By the end of the year, Petal signed a national distribution agreement with World Finer Foods. The company added Elderberry White Tea Flower, Lemongrass Dandelion and Peach Marigold to its SKU bouquet in January 2019. “They’re earthier flavors,” she says.


Candice sees Petal at the “intersection between sparkling waters, functional beverages and sparkling teas,” she says. “We’ve created a new category called the botanical blend, which retailers are really excited to add us to their shelf because there really isn’t anything like Petal on the market.”


That’s definitely the case, especially considering Petal’s striking packaging, which features colorful illustrations that somehow look both retro and modern. “I had this incredible opportunity that not many people have, which is to create a brand from scratch,” says Candice. “In this cruel, crazy world, I really wanted to deliver something that brought beauty to everyone’s day and sent an uplifting, empowering message.”


The journey from idea to brand flowed organically, she says, because she knew her customer.


“I believed that I was the consumer who would drink this,” Candice says. “I used to pick up similar drinks that weren’t necessarily organic or sweetened with a natural sweeteners. I felt like I was the exact target audience that I was speaking to, which made it easier.”


She began formulating Petal in her own kitchen at first before consulting with a food chemist. “Next was working with the organic certifier,” she says. “It was really important to me to deliver the organic certification on our beverage. We built this brand for natural, independent stores, because we’re starting to see consumers demand ‘better for you’ products.”


But because the demand for healthy options spreads way beyond niche health-conscious consumers, Petal is now stocked in specialty stores across Chicagoland as well as at chains like Sunrise Health Foods, Plum Market, Tony’s Finer Foods, and Jewel.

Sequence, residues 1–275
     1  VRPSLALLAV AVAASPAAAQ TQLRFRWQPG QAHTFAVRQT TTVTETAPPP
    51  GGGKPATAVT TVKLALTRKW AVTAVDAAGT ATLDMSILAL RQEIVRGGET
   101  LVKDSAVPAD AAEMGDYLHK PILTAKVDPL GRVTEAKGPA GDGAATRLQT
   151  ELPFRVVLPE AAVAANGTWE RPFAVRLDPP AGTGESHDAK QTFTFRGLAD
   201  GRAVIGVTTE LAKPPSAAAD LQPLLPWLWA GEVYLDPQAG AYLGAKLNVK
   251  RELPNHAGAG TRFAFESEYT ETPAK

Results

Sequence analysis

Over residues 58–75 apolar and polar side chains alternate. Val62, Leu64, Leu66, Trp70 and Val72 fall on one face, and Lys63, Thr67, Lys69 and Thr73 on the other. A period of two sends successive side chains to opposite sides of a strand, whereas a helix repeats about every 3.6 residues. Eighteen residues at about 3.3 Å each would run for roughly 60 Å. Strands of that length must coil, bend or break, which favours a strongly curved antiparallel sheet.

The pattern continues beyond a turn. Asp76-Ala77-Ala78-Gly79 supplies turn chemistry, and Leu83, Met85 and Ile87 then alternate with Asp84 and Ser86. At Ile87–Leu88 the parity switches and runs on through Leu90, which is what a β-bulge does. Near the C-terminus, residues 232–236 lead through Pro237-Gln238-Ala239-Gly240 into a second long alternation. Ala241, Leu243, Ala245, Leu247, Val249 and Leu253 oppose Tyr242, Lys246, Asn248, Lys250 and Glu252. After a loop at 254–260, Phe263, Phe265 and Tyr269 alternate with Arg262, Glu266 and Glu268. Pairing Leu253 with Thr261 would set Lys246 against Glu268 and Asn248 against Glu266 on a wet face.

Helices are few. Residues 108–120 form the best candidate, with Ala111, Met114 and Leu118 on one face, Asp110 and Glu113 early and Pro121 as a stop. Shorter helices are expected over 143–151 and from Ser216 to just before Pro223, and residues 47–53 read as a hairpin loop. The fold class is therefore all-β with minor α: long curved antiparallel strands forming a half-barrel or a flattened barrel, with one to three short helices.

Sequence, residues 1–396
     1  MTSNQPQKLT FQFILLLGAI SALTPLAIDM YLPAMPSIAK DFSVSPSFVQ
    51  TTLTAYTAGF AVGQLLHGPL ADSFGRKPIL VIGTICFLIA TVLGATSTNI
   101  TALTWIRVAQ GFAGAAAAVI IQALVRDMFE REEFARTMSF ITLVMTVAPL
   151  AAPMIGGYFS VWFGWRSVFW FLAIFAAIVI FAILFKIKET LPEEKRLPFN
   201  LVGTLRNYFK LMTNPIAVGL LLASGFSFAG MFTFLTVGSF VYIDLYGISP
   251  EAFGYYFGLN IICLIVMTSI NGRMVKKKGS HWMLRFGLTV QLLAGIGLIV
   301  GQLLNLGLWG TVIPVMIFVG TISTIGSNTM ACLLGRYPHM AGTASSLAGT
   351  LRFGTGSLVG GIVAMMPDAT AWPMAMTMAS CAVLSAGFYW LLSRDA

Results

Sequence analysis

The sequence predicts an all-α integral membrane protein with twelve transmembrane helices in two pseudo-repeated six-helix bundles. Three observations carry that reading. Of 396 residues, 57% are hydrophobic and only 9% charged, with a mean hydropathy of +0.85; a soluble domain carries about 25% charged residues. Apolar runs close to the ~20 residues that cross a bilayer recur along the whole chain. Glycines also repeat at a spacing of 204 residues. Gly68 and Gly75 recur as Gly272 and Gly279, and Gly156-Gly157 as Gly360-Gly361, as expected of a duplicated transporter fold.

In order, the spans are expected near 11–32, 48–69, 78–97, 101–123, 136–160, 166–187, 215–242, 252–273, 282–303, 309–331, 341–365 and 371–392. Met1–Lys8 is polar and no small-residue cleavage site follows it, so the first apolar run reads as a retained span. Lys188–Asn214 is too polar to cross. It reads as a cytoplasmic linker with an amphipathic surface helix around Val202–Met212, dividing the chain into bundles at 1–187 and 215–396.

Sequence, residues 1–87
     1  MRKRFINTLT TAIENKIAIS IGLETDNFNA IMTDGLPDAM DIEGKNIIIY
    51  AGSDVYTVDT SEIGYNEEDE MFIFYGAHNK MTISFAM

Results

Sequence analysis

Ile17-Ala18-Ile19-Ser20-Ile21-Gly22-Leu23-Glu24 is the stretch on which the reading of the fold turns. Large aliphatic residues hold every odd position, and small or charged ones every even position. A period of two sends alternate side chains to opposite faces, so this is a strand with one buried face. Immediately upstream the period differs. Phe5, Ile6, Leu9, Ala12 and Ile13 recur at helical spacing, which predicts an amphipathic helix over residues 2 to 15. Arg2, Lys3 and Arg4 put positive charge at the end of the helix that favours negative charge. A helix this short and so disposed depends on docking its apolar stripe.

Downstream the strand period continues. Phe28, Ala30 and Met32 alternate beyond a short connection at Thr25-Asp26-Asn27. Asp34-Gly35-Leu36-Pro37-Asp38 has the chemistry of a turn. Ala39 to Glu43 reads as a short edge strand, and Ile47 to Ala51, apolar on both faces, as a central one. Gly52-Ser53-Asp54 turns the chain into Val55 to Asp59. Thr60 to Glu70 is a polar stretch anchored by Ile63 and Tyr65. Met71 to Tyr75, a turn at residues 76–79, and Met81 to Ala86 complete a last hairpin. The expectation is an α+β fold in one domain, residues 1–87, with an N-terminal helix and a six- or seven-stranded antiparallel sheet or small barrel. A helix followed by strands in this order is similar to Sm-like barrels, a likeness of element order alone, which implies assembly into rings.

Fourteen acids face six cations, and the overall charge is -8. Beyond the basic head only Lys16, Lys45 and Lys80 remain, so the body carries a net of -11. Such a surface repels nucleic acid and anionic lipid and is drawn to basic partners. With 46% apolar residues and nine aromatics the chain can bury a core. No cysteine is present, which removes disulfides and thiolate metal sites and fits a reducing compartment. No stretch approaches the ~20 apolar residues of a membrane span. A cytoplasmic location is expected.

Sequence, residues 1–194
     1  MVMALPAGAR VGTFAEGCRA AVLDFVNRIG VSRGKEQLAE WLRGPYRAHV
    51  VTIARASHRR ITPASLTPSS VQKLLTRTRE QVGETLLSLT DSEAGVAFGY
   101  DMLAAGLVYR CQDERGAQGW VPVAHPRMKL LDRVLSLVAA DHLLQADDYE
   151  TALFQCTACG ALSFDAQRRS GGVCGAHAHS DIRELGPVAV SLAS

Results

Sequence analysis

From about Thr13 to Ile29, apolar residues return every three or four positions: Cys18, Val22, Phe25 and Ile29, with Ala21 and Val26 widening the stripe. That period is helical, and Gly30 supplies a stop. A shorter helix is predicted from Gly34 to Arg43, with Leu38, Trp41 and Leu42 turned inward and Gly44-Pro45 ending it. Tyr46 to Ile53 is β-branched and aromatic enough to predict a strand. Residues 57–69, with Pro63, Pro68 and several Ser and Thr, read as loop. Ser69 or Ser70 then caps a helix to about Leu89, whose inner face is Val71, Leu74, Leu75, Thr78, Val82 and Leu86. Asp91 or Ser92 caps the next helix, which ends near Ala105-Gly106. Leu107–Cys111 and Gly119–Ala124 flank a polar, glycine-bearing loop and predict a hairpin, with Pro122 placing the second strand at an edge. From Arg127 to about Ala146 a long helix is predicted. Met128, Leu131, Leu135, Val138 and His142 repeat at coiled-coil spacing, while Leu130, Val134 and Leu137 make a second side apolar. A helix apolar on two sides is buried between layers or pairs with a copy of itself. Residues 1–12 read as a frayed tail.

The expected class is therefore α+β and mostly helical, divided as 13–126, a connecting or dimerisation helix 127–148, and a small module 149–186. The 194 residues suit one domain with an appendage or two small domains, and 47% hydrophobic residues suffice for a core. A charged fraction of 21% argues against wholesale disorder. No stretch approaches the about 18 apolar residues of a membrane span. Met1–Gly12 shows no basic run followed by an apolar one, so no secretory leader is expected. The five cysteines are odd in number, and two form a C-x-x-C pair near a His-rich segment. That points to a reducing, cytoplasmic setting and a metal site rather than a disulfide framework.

The soul of a boss


“Entrepreneurship runs through my veins,” says Candice. “My dad was an entrepreneur and my grandparents on both sides were, as well.” She’s particularly inspired by her rose-tea-drinking grandmother, who she says was “always a lady boss.”


When she emerged as a boss herself, Candice says she was initially insulted by the attention she received as a woman-owned business.


“I couldn’t believe that in this day and age that it was still a thing. It’s become my mission to set an example as a woman founder and a mother –– that we live in a time and place where we can excel in both.”


Candice says that someone close to her once said, “You can’t be a mother and a CEO at the same time.”


Oh, really?


“Technology has made it much easier,” she observes. “We’re a mobile office. I can drop off my kids off at school and be on a conference call within five minutes. My biggest mission is to be a positive example of a woman entrepreneur who’s done it.


“I understood what he was saying, because both are full-time positions,” she laughs. “But I said to him, ‘why don’t you grab some popcorn and watch me?’”